Michel Jarraud, secretary general of the World Meterological Organization (WMO), declared this as he released his agency’s annual climate report.
“We saw heavier precipitation, more intense heat, and more damage from storm surges and coastal flooding as a result of sea level rise — as Typhoon Haiyan so tragically demonstrated in the Philippines,” he added.
The WMO also pointed to data from Australia showing that the country’s record heat last year would have been “virtually impossible” without human emissions of heat-trapping greenhouse gases.
Other weather events flagged by the agency included extreme cold in Europe and the United States, floods in India, Nepal, northern China, Russia, central Europe, Sudan and Somalia, snow in the Middle East, and a major drought in southern China and Brazil.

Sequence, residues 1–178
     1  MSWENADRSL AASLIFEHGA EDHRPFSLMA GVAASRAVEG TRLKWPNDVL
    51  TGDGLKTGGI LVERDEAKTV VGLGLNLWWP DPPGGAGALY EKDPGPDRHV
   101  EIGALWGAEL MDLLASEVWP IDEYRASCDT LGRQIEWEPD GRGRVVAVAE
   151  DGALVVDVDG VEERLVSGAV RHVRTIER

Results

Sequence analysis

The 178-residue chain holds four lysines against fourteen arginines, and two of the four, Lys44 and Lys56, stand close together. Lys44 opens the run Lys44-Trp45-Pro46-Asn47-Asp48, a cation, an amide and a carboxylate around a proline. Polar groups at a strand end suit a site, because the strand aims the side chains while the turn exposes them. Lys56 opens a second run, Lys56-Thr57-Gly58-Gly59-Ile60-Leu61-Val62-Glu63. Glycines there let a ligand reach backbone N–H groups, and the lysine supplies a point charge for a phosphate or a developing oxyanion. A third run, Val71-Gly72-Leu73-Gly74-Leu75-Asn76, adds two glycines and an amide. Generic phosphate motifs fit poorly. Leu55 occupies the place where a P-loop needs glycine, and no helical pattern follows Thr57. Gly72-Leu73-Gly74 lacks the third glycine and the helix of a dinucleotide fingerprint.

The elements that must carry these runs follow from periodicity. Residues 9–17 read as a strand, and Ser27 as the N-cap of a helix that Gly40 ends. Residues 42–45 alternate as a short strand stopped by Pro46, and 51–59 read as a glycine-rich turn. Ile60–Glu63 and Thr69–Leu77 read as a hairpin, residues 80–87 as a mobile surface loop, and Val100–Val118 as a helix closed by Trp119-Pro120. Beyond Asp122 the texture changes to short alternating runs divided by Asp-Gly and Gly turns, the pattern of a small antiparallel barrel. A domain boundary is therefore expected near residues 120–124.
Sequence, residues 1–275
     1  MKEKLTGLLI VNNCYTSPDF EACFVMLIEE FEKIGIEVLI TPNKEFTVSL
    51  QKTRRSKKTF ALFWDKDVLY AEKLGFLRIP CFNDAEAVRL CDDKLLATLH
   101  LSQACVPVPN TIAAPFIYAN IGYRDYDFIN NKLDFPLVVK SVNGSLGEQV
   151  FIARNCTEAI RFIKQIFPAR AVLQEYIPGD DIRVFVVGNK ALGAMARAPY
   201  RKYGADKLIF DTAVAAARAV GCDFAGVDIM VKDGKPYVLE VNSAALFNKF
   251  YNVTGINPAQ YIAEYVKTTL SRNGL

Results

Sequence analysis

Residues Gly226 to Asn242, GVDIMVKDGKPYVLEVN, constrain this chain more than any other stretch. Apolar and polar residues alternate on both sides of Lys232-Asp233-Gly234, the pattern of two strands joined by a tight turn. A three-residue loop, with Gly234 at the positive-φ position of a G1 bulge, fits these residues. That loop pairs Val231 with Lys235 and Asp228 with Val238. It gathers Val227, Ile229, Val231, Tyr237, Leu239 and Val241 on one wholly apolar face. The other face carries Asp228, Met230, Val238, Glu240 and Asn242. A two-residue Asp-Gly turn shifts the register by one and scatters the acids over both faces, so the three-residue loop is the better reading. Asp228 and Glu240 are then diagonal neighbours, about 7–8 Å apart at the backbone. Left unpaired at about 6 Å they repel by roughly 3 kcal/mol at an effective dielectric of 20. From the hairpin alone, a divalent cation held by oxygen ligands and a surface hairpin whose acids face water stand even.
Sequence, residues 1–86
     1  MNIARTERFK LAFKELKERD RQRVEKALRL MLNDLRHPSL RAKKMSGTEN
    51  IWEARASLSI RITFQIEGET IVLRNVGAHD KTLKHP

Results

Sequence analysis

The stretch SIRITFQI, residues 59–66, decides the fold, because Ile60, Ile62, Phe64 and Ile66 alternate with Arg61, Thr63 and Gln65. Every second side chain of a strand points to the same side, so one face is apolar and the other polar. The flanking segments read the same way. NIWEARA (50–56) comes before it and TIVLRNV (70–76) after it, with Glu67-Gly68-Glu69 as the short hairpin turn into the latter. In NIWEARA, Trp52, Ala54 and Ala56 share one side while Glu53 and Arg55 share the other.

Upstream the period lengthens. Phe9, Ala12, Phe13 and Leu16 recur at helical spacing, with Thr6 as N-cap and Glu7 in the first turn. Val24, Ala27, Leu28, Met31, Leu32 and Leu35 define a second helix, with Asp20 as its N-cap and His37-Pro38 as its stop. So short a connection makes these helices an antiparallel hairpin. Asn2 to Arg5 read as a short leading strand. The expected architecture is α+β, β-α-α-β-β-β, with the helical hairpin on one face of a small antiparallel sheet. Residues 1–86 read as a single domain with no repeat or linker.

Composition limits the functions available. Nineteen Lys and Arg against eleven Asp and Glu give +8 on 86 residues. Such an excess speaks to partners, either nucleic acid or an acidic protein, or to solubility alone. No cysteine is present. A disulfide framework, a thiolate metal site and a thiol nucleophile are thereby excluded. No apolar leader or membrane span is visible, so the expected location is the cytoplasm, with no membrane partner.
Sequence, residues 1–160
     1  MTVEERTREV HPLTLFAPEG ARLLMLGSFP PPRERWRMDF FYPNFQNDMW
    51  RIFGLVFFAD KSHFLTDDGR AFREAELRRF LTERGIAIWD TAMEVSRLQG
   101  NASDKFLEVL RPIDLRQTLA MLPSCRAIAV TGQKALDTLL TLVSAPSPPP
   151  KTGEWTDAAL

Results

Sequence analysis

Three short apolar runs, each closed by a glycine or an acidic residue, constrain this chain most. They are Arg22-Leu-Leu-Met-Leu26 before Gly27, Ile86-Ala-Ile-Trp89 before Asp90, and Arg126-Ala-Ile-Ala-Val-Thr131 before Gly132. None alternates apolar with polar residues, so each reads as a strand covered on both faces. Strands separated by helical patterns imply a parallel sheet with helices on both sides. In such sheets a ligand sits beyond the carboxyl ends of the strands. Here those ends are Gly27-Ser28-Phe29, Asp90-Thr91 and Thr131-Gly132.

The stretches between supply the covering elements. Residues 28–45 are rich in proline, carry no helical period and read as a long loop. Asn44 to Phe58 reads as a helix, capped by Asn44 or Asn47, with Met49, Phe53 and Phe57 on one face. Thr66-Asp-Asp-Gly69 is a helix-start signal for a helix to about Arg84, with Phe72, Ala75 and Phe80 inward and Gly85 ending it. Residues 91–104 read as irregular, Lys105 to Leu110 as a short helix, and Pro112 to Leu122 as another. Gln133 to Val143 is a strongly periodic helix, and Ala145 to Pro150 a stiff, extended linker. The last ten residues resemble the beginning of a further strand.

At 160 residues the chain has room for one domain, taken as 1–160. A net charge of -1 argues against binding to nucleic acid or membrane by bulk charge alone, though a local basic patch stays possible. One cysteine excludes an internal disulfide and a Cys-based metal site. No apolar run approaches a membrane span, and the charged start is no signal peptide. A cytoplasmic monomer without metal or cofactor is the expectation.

Natural phenomena such as volcanic eruptions or the El Nino and La Nina weather patterns in the Pacific have always influenced temperatures and caused occasional weather disasters, but the human role is an accelerator, Jarraud explained.
“There is no standstill in global warming. The warming of our oceans has accelerated, and at lower depths. More than 90 percent of the excess energy trapped by greenhouse gases is stored in the oceans,” he said.
“Levels of these greenhouse gases are at record levels, meaning that our atmosphere and oceans will continue to warm for centuries to come. The laws of physics are non-negotiable,” he added.
Started in year 2010, ‘Climate Himalaya’ initiative has been working on Mountains and Climate linked issues in the Himalayan region of South Asia. In the last five years this knowledge sharing portal has become one of the important references for the governments, research institutions, civil society groups and international agencies, those have work and interest in the Himalayas. The Climate Himalaya team innovates on knowledge sharing, capacity building and climatic adaptation aspects in its focus countries like Bhutan, India, Nepal and Pakistan. Climate Himalaya’s thematic areas of work are mountain ecosystem, water, forest and livelihood. Read>>